Last Sunday, I was invited by my friend J (owner and manager of the Silverstar Inn) to forage for morel mushrooms on their land. I was very excited since it was my first time to forage for anything. Many people in the Driftless Area look forward to this time of the year to enjoy this seasonal treat. In the years past, Keith and I have usually received morels from friends or have randomly bought them on roadsides or gas stations.
P, A, (J’s children) and I drove off in an old red Jeep and headed for the woods. P, the expert forager, explained to us how to find morels. Do you know how? Well, they like to grow around dying elm trees. How do you find an elm tree, you ask? Pictured above in the middle is the trunk of an elm tree. Can you recognize the distinctive pattern on the bark? Neither can I, it looks just like any other tree. About twenty feet into the woods, P found his first morel. Thirty feet in, a cluster. A little bit after that, I found my first morel! It was small, about the size of a thumb and a half. I was pretty happy, it was going to be a piece of cake I thought. The three of us split up to cover more ground. After about an hour and half, a mixture of fear and boredom sets in. My bag contained only 4 morels and I had bloody scratches on my hands from some thorny bushes, and I had no idea how I was going to find A and P or where the car was. I remembered them saying that their property was about 340 acres. What made it worst was seeing a tree trunk with deep scratches on it. I wondered if there was a bear nearby then I went on my way. (Later I learned that the marks were made by a deer.) Since I was having a hard time finding morels, I decided to pick any mushroom I could spot and maybe look them up later for fun. Pictured below on the right is a false morel.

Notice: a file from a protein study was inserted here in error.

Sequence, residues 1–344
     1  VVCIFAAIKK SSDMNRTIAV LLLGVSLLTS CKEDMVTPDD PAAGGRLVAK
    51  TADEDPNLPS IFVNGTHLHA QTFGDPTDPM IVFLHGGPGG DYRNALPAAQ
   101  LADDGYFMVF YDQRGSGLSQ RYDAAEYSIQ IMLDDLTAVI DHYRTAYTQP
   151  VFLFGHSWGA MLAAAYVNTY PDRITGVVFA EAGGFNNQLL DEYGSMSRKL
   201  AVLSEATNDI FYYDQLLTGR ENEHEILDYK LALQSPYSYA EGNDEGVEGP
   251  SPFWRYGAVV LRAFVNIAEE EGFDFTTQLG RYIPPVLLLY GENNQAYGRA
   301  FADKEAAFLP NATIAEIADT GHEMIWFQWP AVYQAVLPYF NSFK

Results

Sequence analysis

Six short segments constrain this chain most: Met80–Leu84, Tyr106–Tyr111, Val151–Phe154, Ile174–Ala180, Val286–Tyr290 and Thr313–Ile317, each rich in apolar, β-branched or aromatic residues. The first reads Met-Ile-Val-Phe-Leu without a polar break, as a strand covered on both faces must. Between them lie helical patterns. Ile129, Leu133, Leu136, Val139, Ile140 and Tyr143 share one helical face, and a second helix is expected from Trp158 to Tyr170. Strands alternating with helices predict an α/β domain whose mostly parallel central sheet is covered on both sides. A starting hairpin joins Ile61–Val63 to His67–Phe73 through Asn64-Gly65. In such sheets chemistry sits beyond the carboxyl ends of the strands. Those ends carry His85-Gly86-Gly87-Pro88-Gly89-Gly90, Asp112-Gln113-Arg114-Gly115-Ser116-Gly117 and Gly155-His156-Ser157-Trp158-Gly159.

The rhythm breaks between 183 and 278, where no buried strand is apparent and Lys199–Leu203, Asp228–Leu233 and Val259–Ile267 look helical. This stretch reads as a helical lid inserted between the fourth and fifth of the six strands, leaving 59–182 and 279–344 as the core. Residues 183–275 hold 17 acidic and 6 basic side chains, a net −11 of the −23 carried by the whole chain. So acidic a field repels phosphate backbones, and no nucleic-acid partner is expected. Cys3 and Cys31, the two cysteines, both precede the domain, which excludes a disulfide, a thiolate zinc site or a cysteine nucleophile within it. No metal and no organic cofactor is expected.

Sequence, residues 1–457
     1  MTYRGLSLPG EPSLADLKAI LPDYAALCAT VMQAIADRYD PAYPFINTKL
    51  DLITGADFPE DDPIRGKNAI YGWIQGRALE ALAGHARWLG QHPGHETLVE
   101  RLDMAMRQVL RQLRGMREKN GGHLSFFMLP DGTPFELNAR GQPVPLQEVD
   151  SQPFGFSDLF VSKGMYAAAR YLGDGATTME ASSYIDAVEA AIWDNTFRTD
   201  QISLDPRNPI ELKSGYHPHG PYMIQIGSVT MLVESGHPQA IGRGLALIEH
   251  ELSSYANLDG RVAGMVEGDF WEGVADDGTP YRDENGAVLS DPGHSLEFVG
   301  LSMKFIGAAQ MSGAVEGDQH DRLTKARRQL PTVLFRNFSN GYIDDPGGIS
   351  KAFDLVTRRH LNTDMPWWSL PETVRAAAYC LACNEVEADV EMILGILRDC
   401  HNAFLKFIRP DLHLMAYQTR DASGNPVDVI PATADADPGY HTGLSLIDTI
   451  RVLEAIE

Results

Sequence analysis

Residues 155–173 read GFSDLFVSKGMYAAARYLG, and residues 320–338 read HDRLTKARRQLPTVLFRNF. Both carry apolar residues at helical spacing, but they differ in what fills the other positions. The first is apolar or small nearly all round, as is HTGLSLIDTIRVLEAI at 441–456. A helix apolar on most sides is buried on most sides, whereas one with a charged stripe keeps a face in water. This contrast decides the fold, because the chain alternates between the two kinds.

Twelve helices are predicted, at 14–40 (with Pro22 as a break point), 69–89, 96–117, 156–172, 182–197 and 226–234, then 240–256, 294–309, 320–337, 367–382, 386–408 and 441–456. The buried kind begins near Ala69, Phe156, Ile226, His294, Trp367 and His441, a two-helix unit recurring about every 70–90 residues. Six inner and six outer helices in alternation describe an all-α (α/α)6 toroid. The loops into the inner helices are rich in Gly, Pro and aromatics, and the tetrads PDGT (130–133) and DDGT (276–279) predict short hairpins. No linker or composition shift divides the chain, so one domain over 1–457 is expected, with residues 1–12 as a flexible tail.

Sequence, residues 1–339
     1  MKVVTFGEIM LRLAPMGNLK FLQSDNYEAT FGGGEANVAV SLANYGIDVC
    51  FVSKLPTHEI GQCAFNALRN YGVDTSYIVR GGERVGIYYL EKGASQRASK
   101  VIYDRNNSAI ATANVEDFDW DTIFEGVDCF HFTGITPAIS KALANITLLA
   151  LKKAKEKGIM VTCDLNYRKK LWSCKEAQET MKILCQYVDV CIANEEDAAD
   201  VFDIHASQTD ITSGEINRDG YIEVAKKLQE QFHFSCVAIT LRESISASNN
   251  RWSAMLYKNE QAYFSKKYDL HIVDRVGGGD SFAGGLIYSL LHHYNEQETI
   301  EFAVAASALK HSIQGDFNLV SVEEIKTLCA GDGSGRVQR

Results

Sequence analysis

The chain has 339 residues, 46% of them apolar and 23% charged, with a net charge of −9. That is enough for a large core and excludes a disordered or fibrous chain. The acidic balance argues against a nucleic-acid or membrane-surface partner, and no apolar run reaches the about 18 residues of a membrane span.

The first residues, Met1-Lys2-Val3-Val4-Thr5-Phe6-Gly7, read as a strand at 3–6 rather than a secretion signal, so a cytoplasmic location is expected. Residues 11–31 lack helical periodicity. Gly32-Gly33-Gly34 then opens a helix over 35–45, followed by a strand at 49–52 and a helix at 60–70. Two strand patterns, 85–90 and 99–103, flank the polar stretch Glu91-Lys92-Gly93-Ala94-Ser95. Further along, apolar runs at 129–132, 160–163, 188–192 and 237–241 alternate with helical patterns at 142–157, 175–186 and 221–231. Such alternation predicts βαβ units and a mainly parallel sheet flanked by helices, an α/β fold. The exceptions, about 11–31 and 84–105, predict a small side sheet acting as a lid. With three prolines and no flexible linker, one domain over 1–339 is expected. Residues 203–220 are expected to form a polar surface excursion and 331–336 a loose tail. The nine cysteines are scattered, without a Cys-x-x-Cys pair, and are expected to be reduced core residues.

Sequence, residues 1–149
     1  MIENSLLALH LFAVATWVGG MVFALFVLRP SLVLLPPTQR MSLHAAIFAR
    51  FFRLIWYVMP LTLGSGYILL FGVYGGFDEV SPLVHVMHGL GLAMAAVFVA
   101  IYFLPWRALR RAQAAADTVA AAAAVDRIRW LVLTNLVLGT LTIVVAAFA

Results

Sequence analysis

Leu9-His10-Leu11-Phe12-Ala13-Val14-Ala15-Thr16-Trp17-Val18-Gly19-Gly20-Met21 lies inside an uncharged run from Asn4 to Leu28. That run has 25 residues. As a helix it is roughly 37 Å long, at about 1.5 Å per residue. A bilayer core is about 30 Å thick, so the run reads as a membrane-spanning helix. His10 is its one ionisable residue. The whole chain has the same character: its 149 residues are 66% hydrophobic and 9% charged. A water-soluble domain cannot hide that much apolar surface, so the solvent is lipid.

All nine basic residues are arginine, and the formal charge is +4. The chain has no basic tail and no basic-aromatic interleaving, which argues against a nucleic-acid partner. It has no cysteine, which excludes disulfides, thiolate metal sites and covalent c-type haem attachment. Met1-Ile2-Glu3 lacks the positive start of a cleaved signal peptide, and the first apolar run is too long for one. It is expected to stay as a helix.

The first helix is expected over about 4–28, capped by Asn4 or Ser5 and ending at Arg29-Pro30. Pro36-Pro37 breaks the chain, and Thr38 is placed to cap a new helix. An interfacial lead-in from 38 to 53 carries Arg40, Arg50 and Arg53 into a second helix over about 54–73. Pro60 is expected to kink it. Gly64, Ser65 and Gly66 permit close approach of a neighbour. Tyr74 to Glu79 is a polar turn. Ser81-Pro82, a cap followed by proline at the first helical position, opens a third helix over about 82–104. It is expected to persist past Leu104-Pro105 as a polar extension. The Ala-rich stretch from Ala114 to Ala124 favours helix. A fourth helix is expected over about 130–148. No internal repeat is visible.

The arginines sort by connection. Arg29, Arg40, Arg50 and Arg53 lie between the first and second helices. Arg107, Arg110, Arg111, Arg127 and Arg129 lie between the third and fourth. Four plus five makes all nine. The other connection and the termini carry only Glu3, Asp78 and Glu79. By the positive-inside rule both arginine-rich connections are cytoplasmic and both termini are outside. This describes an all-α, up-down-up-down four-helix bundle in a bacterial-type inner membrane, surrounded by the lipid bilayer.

Morel Cluster & False Morel
After that, I thought I better search for something I could actually consume, some ramps (wild leeks/onions). They were easier to find than morels. I found a good stick to help me dig into the soft, black earth. Two hours and a half hours in the woods, I was finally enjoying myself and I had a bag full of ramps. I found P nearby and was excited to show him the ramps I had gathered. It turns out that A had been back in the car for a long while. She said she’d rather eat morels than gather them. Can’t blame her. We drove back to the inn happy, sweaty, and with our hands ashy from the earth and soil in our fingernails. J cooked up some pasta for us with the morels and ramps we found. Pictured below is my second dinner with Keith. It was fun to tell him that I went into the wild to gather our dinner that night
Pasta + Ramps + Morels + Butter + Salt & Pepper = Amazing